Brave New World of Benign Corporate Oligarchy?
Here is something to think about from Sebstian Mallaby in the Washington Post. Some years ago I sat through a Market Lubbock presentation where one of the featured speakers asserted to the congregated businessmen that business should be setting the political agenda and not the other 'way round. At the time, it made my blood run cold. Mallaby's thoughts at least are less suspicious and gloomy than mine when it comes to corporate responsibility, which tend to government of, by and for, corporations . . .
If political accountability is reduced to brand accountability what happens to the rest of the human universe outside consumerism?
A New Brand of Power
By Sebastian Mallaby
Monday, August 7, 2006; Page A15
"The rising power of brands has implications for public health, globalization and the environment. It may even be changing the political equation."
"As brands have grown bigger, they have also grown more vulnerable. . . . It almost doesn't matter how much America Online spends on advertising. A blogger recently recorded a company salesman refusing to cancel an account when asked repeatedly to do so. The Monty Pythonesque result is all over the Internet, ruining whatever might be left of AOL's brand."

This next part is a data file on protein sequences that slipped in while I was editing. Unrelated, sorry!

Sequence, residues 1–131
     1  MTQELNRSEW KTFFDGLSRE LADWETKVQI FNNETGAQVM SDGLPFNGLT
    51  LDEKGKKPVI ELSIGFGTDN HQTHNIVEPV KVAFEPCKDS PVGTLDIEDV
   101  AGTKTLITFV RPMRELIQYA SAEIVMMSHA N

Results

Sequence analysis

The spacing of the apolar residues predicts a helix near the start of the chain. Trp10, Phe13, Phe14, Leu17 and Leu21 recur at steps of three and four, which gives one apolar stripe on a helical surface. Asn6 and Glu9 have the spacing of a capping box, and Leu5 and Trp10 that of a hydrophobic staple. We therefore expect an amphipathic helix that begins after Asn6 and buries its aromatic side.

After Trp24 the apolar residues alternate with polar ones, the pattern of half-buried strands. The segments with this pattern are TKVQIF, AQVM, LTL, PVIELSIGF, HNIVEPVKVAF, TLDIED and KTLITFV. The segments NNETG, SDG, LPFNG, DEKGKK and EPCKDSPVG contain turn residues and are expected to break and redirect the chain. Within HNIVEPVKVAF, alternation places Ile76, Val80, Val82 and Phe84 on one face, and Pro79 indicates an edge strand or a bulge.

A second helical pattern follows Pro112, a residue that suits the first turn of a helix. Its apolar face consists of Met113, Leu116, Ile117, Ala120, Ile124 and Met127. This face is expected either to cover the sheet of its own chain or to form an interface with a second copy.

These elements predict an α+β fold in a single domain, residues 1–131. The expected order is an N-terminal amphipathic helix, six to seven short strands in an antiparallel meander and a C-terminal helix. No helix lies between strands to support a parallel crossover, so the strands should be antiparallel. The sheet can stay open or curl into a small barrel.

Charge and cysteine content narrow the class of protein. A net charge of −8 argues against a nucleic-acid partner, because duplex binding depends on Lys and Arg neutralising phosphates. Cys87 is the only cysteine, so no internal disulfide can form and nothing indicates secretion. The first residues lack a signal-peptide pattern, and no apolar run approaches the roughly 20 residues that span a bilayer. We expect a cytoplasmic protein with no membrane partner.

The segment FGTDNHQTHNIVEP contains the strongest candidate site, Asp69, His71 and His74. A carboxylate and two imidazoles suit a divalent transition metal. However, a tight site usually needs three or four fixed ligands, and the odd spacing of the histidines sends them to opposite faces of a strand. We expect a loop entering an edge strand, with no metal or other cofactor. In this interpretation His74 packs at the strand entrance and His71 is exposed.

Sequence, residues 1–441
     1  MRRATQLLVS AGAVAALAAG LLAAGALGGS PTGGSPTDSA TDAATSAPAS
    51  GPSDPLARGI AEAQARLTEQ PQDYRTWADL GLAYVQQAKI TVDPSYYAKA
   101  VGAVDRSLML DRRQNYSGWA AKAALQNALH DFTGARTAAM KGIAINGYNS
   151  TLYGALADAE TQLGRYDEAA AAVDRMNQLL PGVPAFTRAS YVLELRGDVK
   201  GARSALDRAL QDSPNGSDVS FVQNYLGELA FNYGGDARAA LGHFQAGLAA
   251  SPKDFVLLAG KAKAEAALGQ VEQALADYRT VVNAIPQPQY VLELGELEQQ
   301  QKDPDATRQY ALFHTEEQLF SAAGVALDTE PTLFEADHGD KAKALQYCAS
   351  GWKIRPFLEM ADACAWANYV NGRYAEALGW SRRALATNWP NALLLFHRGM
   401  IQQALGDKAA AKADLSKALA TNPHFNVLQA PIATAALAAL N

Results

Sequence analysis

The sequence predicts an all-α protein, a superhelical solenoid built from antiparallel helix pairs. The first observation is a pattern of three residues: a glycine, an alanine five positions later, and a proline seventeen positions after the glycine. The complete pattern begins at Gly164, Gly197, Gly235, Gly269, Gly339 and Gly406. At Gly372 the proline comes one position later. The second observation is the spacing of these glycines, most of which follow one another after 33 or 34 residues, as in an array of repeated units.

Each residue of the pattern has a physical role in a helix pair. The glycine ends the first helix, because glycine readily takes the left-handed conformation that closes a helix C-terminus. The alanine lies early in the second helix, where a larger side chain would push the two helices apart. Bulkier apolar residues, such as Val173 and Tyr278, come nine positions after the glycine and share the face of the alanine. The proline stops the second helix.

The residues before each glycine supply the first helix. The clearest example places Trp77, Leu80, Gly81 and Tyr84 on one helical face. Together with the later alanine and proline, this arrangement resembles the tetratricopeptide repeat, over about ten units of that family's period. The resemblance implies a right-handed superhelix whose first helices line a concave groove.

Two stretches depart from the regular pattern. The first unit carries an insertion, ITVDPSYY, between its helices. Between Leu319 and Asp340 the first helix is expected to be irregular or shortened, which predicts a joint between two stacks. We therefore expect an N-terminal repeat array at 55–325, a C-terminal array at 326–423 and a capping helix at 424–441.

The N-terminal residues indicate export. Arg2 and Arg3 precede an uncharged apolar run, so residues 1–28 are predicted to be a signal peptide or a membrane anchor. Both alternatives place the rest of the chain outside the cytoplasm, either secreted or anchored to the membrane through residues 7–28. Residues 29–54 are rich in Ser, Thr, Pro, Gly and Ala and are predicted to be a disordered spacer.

"If brands are both valuable and vulnerable, political consequences follow. Mighty companies have so much riding on their corporate image that they quiver in the face of customer opinion. And if they are mass-market companies, customer opinion is the same as public opinion, so corporate bosses become as sensitive to political and social shifts as elected officials."
"The next stage may be for companies not merely to outpace government but to pull government along. Howard Schultz, the chairman of Starbucks, broke the mold by offering comprehensive health benefits to part-time workers, but now he's even more ambitious: He's lobbying Congress to fix the health system. Meanwhile, companies such as BP and GE have enhanced their brands with enviro-friendly policies, and perhaps may now nudge governments to become greener as well."
"But whether or not we get to that, something big is going on. At a time when Washington seems incapable of tackling serious policy challenges, brands are creating a sort of shadow government. They cannot replace the real one, not by a long shot. But they are better than nothing."